Under Rule 41(d), a defendant may obtain attorney's fees from a plaintiff "[i]f a plaintiff who previously dismissed an action in any court files an action based on or including the same claim against the same defendant." The Fourth Circuit has established that, where a statute does not provide for attorney's fees, "a district court may award attorneys' fees when the opposing party has "acted in bad faith, vexatiously, wantonly, or for oppressive reasons." Andrews v. America's Living Ctrs., LLC, 827 F.3d 306 (4th Cir. 2016) at *311 (internal quotes omitted). In Andrews, the plaintiff filed an action and was met by a motion to dismiss under 12(b)(6) for failure to state a claim. Because the plaintiff had missed the deadline for amending her complaint, she moved for a voluntary dismissal and withdrew her original complaint before filing a second one in the same district. The district court granted attorney's fees under Rule 41(d). The Fourth Circuit reversed this decision, finding her behavior did not amount to vexatious litigation.
Here, McGlothlin originally filed suit in the Middle District of Florida, and Hennelly moved to dismiss based on lack of personal jurisdiction. McGlothlin refiled his claim in the District of South Carolina, which does have personal jurisdiction over Hennelly. This is not an attempt by McGlothlin to avoid dismissal of his complaint based on its merits by voluntarily dismissing and then refiling a better-worded complaint. Rather, after being told by the Florida court that he wrongly assessed the Florida court's jurisdiction over Hennelly, McGlothlin simply re-filed his case in the appropriate district. The actions in Andrews were much more grievous, with Andrews attempting to get a second bite at the apple. If the Fourth Circuit found that the plaintiff's actions in Andrews did not amount to vexatious behavior, McGlothlin's actions clearly do not warrant an award of attorney's fees under Rule 41(d).
Although the current motion for attorney's fees is brought under Rule 41(d), the court also looks to how "bad faith" has been defined in cases considering attorney's fees under Rule 54(d). When considering whether to award attorney's fees under Rule 54(d), courts have found that attorney's fees are warranted when the party has been notified by a prior court that the claim is insufficient or has no merit and files a subsequent action anyway. In Zuraf v. Clearview Eye Care, Inc., 261 F.Supp.3d 637, Judge Raymond A. Jackson of the Eastern District of Virginia determined that "attorney's fees are warranted in this case because Plaintiff's counsel was on notice that the claim was insufficiently pled at the motion to dismiss stage." Zuraf at *645. Furthermore, "the continuation of litigation of claims which have become frivolous has been held to amount to 'bad faith' justifying a fee award." Id.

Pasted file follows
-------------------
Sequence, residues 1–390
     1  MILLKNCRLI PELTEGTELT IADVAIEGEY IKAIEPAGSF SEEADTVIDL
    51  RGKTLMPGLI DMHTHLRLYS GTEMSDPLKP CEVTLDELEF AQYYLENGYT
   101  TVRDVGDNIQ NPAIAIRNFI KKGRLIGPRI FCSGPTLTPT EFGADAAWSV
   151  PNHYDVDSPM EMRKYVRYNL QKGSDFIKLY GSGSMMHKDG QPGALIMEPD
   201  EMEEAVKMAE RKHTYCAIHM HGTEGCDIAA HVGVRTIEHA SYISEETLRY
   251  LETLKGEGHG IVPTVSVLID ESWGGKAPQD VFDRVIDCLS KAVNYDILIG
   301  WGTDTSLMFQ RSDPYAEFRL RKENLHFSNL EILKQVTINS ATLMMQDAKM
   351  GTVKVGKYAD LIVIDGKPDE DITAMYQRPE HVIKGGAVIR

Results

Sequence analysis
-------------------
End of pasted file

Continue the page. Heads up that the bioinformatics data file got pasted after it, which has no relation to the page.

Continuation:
Here, while McGlothlin was aware that the Florida court was planning to dismiss his action, such dismissal was due to lack of personal jurisdiction rather than the claim being legally insufficient or having no merit. This is much different than filing a baseless claim and seeking a second bite at the apple. Additionally, McGlothlin filed first in Florida because he believed that the Florida Long Arm Statute allowed him to do so because he was a Florida resident and Facebook was accessible in Florida at the time the statements were made. Though the plaintiff could not prove the veracity of his claims, at the time of the complaint he stated he believed the comments had been accessed in Florida. ECF 6-2, ¶12. While ultimately incorrect, this was a reasonable basis upon which to bring suit in Florida and thus does not amount to a bad faith attempt. See also Noffz v. Austin Maintenance & Construction, Inc., WL 4385872 (2016) (finding the claim had a good faith basis and was not vexatious, leaving no grounds for attorney's fees). With this refiling, McGlothlin has not "vexatiously multiplied litigation" by filing multiple suits around the country; rather, he simply re-filed in order to move to the correct district. Thus, the court finds that his conduct does not warrant attorney's fees under Rule 41(d).
Based on the above, the court DENIES the motion to award fees. AND IT IS SO ORDERED.
DAVID C. NORTON
UNITED STATES DISTRICT JUDGE July 24, 2018
Charleston, South Carolina